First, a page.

Winter is more suitable if you want a spa weekend or a romantic vacation. The atmosphere of the Christmas season, with its traditional markets, is truly magical — higher prices, but worth it.
To know what to pack always take a look at the weather forecast before you leave.
Budapest has a wealth of museums and monuments, and if you then add the attractions in the surrounding area, the list of what to visit can become very long indeed.
For those who are short on time or for those who want to aim for the best right away, here are the 5 things you absolutely must see in Budapest.
Budapest’s most famous image is that of the magnificent Buda Castle, an imposing complex of buildings that stands proudly atop Várhegy, Budapest’s hill, and for 300 meters overlooks the Danube.
It is also known as the Royal Palace because it was once home to Hungarian royalty; today, however, it is home to prestigious cultural institutions: the Széchenyi Library, the Hungarian National Gallery, and the Budapest Museum of History.
By day it appears at times elegant and at times austere, but when the sun goes down and its walls are illuminated, the castle becomes surprisingly atmospheric-a truly exciting sight!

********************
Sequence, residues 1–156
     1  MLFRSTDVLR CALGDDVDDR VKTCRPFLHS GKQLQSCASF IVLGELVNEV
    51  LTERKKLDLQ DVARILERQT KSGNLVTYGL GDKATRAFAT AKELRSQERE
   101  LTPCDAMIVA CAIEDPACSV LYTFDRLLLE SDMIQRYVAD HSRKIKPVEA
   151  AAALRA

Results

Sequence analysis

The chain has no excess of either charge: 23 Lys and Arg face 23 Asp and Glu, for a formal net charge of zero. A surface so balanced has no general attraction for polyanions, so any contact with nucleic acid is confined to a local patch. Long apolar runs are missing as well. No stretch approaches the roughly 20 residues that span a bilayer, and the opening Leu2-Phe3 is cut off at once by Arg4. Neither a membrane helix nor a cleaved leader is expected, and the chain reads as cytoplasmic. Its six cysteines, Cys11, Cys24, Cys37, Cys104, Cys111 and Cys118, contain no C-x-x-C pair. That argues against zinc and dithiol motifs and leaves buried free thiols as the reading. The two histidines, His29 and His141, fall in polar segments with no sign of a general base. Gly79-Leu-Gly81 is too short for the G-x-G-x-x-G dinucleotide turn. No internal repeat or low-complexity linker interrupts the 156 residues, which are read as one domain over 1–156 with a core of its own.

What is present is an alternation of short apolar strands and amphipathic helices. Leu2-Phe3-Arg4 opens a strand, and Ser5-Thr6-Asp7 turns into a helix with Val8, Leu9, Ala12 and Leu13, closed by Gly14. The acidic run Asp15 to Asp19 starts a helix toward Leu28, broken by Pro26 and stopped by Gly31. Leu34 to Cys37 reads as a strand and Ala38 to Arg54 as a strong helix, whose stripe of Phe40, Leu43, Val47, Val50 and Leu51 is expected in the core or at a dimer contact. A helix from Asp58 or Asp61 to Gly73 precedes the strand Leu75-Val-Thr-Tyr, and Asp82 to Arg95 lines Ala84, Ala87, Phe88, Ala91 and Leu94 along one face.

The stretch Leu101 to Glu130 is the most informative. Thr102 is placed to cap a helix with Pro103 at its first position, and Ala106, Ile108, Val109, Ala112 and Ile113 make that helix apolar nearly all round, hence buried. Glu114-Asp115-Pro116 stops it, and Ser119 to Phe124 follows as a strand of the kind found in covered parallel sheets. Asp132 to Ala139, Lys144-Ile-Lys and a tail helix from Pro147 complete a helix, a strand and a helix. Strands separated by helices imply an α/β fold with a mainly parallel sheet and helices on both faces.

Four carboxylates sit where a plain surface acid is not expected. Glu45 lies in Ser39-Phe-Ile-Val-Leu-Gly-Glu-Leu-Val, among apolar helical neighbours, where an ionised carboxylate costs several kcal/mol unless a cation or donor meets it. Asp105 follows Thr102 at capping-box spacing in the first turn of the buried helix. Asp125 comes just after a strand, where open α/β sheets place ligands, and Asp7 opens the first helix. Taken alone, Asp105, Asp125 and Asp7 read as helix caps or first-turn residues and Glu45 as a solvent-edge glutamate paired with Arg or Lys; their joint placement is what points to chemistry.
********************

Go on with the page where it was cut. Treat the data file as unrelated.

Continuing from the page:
You can reach it on foot or more comfortably by funicular railway, and once at the top you can enjoy splendid panoramic views of the city.
Also connected to Buda Castle is the city’s second iconic image, the iconic Chain Bridge that spans the Danube joining the heart of Pest to the steps leading up to Buda Castle.
The first permanent bridge across the Danube to be opened in Hungary, it is now the most photographed of Budapest’s bridges and is especially romantic at night.
At first glance it will remind you somewhat of London’s Tower Bridge, and indeed the engineer who designed it is of British origin, but the effect is short-lived: Budapest’s Chain Bridge, with its neoclassical pillars and the four lions at their base, exerts its own unique and inimitable magic.